by Avital Nathman
“Hustle! We have to hustle!”
I find myself using these words more often - and with more gusto - than I ever thought I would. But apparently, that’s what happens when, in addition to a full day of school, you find yourself shuttling your son to swim lessons (Monday), circus class (Thursday) and soccer (Saturday). While I’m still struggling with how to manage it all, for some of my son’s friends and classmates (and their families), this constitutes a light load.
It wasn’t always this way. Last fall, when my son was in half-day preschool, we didn’t have any activities scheduled outside of school. On the playground after pick up, I would listen in as other mothers went over the tightly packed schedules of their own kids: cello, swim, ballet, gymnastics, Capoeira, Kung-Fu, yoga, piano... the list went on and on, and frankly - it made my head spin. I felt a mix between being smugly satisfied that I wasn’t the one rushing around, carting my kid to multiple activities throughout the week to feeling that I had somehow dropped the “good parenting” ball by not signing my son up for anything.
So this year, along with starting a brand new, full-day kindergarten, I asked my son if he’d like to sign up for any activities. In the end we went with the aforementioned ones - all his choices - and so far, so great. He truly loves each and every activity, and despite all the rushing and hustling we’ve had to do and the slight rearranging of our schedules, it feels like it’s worth it... right?
Thankfully, I’m not alone in my wondering. Having spoken with parents across the country, it seems like many are in the same boat. In a society that is already about doing as much as you can as fast as you can, are we over-scheduling our kids when it comes to after-school activities?
“This is an issue for almost every family I know,” says mom of two, Naomi Shulman. “My kids have a tendency to have eyes bigger than their stomachs when it comes to after-school activities. They want to do it all -- and I get it, because it all sounds enticing -- but then they don't have enough time to chill out.”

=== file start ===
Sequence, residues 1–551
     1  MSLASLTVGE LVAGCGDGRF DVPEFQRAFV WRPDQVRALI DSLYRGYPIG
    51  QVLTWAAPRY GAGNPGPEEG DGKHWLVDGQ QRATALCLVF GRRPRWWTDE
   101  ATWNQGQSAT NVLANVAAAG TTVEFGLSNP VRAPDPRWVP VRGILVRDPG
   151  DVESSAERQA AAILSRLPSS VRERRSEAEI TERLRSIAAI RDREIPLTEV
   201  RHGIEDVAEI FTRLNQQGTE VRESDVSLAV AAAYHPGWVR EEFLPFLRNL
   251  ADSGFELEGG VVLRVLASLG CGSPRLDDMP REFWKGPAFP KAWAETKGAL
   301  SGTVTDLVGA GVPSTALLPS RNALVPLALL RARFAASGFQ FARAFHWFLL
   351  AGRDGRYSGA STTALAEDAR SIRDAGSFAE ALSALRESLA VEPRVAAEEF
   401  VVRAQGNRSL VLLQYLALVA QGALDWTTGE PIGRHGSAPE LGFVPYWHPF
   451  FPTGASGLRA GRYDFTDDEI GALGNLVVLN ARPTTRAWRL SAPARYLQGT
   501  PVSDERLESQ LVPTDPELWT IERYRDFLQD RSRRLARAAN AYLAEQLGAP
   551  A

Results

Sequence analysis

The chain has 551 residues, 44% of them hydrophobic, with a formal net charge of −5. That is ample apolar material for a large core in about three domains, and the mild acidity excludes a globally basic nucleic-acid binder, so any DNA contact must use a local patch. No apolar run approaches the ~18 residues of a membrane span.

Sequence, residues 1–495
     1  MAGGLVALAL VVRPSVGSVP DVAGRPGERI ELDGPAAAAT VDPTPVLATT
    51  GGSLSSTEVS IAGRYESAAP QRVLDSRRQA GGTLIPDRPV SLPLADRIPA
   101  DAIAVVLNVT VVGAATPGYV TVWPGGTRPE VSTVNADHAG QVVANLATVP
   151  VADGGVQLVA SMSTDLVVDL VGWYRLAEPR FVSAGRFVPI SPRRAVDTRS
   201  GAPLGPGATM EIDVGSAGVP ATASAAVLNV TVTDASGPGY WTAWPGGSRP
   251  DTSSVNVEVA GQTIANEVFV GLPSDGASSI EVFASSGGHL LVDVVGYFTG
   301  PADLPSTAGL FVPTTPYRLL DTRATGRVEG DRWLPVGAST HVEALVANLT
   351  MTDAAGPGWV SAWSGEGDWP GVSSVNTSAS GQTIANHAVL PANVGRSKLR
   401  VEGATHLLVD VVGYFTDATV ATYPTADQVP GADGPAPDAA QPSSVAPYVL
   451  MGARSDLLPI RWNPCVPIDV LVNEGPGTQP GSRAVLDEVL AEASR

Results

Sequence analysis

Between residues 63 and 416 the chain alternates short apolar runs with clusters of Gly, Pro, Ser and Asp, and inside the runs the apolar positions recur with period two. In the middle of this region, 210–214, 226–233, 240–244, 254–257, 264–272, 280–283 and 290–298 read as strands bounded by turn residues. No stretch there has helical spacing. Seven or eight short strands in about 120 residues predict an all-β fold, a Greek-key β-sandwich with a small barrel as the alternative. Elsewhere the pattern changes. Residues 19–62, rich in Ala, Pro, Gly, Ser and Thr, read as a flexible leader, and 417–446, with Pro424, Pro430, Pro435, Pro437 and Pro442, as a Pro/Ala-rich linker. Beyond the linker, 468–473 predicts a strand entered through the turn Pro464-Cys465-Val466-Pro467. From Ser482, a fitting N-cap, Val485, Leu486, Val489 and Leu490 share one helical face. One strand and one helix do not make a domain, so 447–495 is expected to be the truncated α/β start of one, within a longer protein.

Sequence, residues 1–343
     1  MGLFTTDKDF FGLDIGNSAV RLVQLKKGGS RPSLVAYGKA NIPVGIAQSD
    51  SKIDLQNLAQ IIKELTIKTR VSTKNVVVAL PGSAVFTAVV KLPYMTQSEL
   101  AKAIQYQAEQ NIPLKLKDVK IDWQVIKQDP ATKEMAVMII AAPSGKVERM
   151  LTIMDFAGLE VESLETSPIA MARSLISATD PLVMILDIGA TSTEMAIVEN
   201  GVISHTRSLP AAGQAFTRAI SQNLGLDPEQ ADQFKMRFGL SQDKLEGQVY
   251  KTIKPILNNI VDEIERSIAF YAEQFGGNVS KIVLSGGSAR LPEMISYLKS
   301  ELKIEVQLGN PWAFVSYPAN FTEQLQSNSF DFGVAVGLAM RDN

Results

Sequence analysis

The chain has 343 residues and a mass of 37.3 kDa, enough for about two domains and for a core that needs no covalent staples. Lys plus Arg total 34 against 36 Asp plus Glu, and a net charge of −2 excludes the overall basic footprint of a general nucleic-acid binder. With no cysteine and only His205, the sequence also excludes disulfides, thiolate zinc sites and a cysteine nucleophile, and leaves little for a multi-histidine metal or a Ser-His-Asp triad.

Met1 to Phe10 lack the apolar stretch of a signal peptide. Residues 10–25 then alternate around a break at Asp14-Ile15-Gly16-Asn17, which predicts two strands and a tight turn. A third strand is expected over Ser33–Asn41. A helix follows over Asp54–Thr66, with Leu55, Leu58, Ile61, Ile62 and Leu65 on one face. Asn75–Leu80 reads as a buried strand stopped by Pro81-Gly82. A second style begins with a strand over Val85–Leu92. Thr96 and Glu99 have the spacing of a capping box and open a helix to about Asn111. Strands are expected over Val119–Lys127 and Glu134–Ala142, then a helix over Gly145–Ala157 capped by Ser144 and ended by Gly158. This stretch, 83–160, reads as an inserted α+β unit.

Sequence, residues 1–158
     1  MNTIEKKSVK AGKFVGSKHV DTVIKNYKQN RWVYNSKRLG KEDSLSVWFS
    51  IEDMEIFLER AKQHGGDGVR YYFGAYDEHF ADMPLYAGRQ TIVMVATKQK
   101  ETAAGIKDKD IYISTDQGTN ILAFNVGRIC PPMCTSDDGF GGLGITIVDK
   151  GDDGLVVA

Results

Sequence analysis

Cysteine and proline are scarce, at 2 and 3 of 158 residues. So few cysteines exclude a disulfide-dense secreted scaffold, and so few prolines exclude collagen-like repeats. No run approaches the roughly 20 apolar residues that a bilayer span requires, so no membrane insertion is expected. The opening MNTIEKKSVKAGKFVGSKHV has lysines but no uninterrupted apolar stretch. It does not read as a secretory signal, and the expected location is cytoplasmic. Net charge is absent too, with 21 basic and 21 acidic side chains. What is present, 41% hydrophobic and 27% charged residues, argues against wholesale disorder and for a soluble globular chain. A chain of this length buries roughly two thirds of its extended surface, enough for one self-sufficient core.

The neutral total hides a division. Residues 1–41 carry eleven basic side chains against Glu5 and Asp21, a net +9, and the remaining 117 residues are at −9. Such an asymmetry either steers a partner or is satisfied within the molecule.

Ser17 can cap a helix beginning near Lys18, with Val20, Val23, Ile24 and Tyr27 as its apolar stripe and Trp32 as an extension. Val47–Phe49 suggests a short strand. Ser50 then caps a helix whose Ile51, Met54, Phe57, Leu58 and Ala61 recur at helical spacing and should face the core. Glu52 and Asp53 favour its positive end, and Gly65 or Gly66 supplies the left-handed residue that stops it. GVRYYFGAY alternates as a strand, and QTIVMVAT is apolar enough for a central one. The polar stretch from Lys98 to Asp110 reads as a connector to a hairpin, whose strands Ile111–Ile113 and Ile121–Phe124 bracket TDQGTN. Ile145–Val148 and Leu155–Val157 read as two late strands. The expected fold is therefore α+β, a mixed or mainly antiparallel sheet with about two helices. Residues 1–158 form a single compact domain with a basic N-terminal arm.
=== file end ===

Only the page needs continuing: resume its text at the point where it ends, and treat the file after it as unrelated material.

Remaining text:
Between her two daughters, ages 8 and 11, Shulman finds herself at five different after school activities during the week, from swim lessons to writing workshops. Yet, she also makes sure that the girls - and the entire family - has at least one weekday with nothing scheduled: “In our case it's Friday (Shabbat), and that works out well because the girls rarely have homework, and they can ease into a leisurely weekend.”
Shulman isn’t the only mother who feels that leisure time is important. Kindergarten teacher Amy Meltzer limits the amount of after-school activities her two daughters (ages 7 & 9) participate in, in favor of less structured, more creative-based play. Meltzer explains, “...My kids love imaginative play and can sustain it for hours and hours. I don't believe there is anything more valuable they can be doing with their time. I'm keenly aware that someday soon they will outgrow this, so I want to give them as much time as possible to just, well, play.” While Meltzer does expose her daughters to things that interest them, she’s not rushing to sign them up for activities that will take up both time and money.
Father of two, Matt Schneider, shares Meltzer’s outlook when it comes to his sons’ time, saying that he and his wife “feel very strongly about them having time to relax and play.” This meant scaling back on activities for Schneider’s eldest son this year once school started. Last year seven-year-old Max had swimming, soccer league, little league, and violin, and it was hard for the family to keep up with it all. They dropped everything except for the soccer league, and so far it’s been working out well, yet Schneider is open to adding in more activities if it works for everyone: “My intention is if he’s on board and excited about the other activities, we’ll get back to that stuff, but right now we’re under-scheduled and it’s glorious.”